Bishop himself has said: ‘Photography has been my life, my passion for 60 years: the art and technique, the stories I’ve witnessed and captured. I’m glad to be able to share my life’s work with the public’.

Born and raised in Brewarrina, Bishop was encouraged by his mother to take his first photograph. After witnessing the ‘magic’ of the developing process, he became passionate about photography. In 1963 he successfully applied for a four-year cadetship at The Sydney Morning Herald and became Australia’s first Aboriginal press photographer. In 1971 he won the News Photographer of the Year Award with his front-page photograph, Life and Death Dash, 1971.

There is no need for me to assess the quality of Bishop’s images; others have recognised his skills many times over many years. I will simply say that his body of work is amongst the most significant by any Australian photographer.

Inevitably displayed is the iconic image from 1975 when the (then) Prime Minister, Gough Whitlam, poured a handful of earth back into the hand of Vincent Lingiari, Gurindji elder and traditional landowner. This image became an icon of the land rights movement and Australian photography.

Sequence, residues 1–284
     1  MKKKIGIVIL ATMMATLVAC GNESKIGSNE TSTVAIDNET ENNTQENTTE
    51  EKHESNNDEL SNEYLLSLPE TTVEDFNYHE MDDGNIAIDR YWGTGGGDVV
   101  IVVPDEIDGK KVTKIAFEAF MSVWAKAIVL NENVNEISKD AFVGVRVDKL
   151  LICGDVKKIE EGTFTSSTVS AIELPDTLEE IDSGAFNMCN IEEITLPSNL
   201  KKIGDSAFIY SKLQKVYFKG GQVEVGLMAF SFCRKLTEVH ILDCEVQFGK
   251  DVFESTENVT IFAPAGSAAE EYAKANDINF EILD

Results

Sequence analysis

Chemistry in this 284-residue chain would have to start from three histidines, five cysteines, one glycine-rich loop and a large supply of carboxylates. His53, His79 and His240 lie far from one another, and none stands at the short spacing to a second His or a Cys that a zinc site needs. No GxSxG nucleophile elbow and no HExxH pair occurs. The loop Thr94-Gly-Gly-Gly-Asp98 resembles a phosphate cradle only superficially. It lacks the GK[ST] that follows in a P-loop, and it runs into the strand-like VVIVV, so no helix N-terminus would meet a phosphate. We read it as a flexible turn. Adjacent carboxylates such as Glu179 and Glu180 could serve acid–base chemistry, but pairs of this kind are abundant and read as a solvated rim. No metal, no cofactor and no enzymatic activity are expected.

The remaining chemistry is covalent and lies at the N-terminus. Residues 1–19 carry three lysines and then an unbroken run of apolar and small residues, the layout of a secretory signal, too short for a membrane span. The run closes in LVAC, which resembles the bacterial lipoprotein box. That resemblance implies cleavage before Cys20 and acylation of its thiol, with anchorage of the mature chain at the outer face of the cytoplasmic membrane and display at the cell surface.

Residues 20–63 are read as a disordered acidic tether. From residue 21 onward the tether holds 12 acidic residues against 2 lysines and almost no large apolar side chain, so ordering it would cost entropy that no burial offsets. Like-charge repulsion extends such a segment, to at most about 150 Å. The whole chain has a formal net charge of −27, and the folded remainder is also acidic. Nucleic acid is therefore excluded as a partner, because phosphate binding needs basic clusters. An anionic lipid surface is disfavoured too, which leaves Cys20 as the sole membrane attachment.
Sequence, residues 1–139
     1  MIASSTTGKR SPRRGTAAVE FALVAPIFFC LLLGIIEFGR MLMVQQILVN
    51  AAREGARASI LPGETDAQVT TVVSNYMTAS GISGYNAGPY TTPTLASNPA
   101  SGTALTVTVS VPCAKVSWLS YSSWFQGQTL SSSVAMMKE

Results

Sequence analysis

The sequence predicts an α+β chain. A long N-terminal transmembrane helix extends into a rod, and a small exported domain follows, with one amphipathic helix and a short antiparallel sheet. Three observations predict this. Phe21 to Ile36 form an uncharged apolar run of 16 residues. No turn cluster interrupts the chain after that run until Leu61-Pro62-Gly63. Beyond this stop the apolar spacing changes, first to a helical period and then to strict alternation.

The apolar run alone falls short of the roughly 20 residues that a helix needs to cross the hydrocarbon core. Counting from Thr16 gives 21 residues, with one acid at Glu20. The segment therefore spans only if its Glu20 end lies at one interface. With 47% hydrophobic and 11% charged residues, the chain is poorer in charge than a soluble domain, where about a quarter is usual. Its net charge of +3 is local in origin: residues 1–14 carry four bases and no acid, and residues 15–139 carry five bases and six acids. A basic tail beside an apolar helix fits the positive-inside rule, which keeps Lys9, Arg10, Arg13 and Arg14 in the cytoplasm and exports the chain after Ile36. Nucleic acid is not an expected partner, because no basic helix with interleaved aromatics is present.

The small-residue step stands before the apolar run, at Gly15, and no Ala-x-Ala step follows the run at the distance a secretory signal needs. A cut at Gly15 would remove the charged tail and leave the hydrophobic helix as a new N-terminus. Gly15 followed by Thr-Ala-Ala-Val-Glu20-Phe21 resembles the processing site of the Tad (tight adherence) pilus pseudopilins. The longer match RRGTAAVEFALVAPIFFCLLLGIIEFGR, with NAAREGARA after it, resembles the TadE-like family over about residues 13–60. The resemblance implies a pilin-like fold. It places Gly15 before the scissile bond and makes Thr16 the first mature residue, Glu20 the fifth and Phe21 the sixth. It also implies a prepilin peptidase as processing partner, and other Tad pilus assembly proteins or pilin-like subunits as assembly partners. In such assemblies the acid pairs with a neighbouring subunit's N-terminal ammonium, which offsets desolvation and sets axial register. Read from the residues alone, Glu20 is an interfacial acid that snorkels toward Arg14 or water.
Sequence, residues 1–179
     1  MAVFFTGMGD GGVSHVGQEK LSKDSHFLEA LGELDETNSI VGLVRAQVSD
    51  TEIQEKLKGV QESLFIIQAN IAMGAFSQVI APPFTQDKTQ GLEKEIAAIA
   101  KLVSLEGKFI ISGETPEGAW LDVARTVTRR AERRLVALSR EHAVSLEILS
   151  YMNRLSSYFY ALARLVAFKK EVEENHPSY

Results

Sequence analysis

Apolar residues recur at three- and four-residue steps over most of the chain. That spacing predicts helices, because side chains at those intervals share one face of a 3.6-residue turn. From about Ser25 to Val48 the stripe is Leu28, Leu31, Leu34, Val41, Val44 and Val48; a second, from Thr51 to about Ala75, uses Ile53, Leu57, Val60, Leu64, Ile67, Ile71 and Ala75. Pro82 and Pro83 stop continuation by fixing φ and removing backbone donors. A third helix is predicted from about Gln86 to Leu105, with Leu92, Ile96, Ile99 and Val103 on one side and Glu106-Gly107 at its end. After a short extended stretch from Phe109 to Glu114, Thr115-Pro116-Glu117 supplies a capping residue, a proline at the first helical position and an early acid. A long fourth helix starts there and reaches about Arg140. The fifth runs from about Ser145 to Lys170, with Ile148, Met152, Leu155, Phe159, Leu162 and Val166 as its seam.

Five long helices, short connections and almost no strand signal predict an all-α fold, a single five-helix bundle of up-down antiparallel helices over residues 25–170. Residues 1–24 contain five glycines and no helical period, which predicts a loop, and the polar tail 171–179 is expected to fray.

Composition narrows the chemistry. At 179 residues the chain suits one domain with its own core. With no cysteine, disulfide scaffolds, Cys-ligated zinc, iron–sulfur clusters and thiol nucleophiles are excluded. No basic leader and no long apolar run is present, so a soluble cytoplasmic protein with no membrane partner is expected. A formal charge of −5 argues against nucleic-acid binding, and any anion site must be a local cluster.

Prime Minister Gough Whitlam pours soil into the hands of traditional land owner Vincent Lingiari, Northern Territory 1975, printed 1999 type R3 photograph 30.5 x 30.5 cm image; 33.9 x 33.9 cm sheet Art Gallery of New South Wales Hallmark Cards Australian Photography Collection Fund 1991 © Mervyn Bishop/ Department of the Prime Minister and Cabinet Photo: AGNSW

But there is so much more. A wonderful shot of womenfolk at Bowraville includes Aunty Elaine Kelly wearing a cloth nappy around her face to ease toothache pain. Women attending a home management course at Yuendumu are portrayed sensitively in a fine moody image. Another of a woman balancing precariously on a wooden plank, holding a pot of water over a submerged cord supplying electricity to neighbours is a moving portrayal of living conditions for Aboriginal people in 1988.

There are important documentary images of well-known and important people, including Lois O’Donoghue and Oodgeroo Noonuccal. Other featured people include Roslyn Watson, one of the first Aboriginal ballerinas, and June Barker, an Aboriginal educator and story keeper.

Lois O’Donoghue CBA, AM, and Oodgeroo Noonuccal 1974, printed 2008 gelatin silver photograph 30 x 30.4 cm image; 40.4 x 50.6 cm sheet Art Gallery of New South Wales Purchased under the terms of the Florence Turner Blake Bequest 2008 © Mervyn Bishop Photo: AGNSW